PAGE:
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Reaching Out to Overcome Political Apathy: Building Participatory Capacity through Deliberative Engagement


  • Acknowledgements: There are many individuals who have contributed to the development of this study, not least being the 150 participants who gave up their time to participate in the Australian Citizens' Parliament (ACP), along with the volunteers and researchers who helped to make the event happen. The ACP was funded jointly by the Australian Research Council (LP0882714) and newDemocracy. Special thanks are owed to John Gastil for access to survey data that he and his team collected during the ACP and carefully compiled after the event. Thanks also to Ron Lubensky for access to information about the recruitment process for the ACP. We also thank John Dryzek for his comments on earlier drafts and Luisa Batalha for providing support in data analysis. This article is also greatly improved following the feedback from four anonymous reviewers.


A common objection against deliberative democracy relates to the impression that citizens, in general, are unwilling to participate in democratic politics. We contribute to the growing literature that challenges this impression by analyzing the discursive profile of citizens that participate in deliberation. By discursive profile, we refer to participants' own perceived role in the democratic process and their articulated motivations for joining a deliberative forum. We find that those who turned up in face-to-face deliberation tend to be less cynical toward politics. Moreover, based on their expressed motivations for participating, it can be inferred that linking the deliberative forum to decision makers provided an initial hook to participants. However, this changed as participants completed the process. At the end of deliberations, appreciation for the process itself ended up being the most resonant sentiment. These findings are based on both quantitative and qualitative analyses of data gathered from Australia's First Citizens' Parliament.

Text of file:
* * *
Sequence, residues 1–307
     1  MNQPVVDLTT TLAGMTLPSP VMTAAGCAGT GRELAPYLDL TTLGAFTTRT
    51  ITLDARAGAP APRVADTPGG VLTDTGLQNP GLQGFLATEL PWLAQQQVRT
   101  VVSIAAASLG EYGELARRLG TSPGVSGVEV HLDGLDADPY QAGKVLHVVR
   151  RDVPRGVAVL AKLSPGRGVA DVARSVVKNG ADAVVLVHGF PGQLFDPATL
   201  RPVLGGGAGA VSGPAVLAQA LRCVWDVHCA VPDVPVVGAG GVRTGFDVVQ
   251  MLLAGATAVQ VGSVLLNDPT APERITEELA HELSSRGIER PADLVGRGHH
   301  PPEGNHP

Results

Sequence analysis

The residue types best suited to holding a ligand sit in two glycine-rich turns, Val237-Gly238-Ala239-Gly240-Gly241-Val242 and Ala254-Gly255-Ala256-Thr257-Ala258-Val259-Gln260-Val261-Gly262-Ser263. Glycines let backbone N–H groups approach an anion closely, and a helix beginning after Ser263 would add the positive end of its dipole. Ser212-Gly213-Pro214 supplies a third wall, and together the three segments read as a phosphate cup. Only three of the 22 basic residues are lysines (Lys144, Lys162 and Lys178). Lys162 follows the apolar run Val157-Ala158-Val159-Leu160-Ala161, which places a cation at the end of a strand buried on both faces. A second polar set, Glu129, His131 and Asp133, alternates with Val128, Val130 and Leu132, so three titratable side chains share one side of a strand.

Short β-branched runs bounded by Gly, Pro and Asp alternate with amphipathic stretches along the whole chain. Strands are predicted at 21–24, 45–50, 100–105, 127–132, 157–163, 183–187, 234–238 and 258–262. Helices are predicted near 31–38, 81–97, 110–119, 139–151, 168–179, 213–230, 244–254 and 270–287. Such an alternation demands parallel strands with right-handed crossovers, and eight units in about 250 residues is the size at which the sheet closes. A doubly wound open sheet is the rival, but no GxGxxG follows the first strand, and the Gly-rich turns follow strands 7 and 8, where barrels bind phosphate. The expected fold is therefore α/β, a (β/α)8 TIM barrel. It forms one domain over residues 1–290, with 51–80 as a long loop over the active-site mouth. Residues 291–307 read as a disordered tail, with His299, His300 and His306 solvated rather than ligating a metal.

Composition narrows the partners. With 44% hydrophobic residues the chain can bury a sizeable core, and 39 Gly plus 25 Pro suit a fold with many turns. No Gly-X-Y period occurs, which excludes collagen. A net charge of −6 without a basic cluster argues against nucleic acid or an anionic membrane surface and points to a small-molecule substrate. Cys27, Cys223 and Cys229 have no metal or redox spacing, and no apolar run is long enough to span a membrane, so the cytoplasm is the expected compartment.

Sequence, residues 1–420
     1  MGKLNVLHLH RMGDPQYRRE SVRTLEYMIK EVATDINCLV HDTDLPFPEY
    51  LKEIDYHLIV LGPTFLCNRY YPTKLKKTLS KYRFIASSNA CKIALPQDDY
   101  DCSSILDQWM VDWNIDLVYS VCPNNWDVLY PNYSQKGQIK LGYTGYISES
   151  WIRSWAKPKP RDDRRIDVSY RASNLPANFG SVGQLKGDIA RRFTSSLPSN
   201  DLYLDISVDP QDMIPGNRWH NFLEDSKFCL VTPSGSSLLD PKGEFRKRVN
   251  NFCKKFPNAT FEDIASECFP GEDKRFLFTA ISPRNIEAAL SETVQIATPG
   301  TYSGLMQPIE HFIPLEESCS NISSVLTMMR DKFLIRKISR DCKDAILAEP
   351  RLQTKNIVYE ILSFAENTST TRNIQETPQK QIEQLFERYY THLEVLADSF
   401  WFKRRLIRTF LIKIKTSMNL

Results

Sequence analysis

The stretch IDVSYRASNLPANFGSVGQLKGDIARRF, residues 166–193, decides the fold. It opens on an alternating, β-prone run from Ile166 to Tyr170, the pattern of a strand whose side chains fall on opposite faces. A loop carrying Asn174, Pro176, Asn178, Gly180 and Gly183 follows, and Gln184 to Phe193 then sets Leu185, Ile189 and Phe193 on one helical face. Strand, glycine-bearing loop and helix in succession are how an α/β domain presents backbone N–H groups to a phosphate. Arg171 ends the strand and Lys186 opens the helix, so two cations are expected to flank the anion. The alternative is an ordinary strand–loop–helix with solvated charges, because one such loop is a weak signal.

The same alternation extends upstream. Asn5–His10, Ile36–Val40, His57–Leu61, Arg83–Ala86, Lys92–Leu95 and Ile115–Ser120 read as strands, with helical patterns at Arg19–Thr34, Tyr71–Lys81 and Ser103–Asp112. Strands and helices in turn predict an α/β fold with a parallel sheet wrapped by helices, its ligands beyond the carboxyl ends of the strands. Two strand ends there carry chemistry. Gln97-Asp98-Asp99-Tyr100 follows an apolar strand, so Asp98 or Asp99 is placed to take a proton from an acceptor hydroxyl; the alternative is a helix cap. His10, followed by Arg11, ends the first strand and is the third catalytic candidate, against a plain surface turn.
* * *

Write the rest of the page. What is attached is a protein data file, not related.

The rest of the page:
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McBeth, Mark K., Donna L. Lybecker, and Kacee A. Garner. 2010. “The Story of Good Citizenship: Framing Public Policy in the Context of Duty-Based versus Engaged Citizenship.” Politics & Policy 38 (1): 1-23.

Crowley, Kate. 2009. “Can Deliberative Democracy Be Practiced? A Subnational Policy Pathway.” Politics & Policy 37 (5): 995-1021.

Stephan, Mark. 2004. “Citizens as Representatives: Bridging the Democratic Theory Divides.” Politics & Policy 32 (1): 118-135.

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Film: Citizens' Parliament. 2009. NewDemocracy. Canberra. February.

Data and Discussion

Centre for Deliberative Democracy and Global Governance. 2013. Australian National University.


Una objeción común en contra de la democracia deliberativa es que los ciudadanos parecen estar indispuestos a participar en la política democrática. En este artículo contribuimos a la creciente literatura que cuestiona tal impresión mediante un análisis del perfil discursivo de los ciudadanos que participan en procesos de deliberación. Entendemos por perfil discusivo, la percepción que tienen los ciudadanos de su propio papel como participantes en el proceso democrático y sus motivaciones para sumarse a un foro deliberativo. Encontramos que aquellos que deliberan cara a cara tienden a ser menos cínicos hacia la política. Más aún, basados en las motivaciones para participar que han expresado los deliberantes, inferimos que la vinculación del foro deliberativo con los tomadores de decisiones sirvió inicialmente para enganchar el interés de los participantes. No obstante, en nuestras observaciones, este nivel de involucramiento cambió en la medida que los participantes completaron el proceso. Al culminar sus deliberaciones los participantes expresaron aprecio por el proceso mismo, siendo éste el sentimiento más relevante en nuestro estudio. Estos hallazgos están basados en un análisis cuantitativo y cualitativo de los datos disponibles del Primer Parlamento Ciudadano de Australia.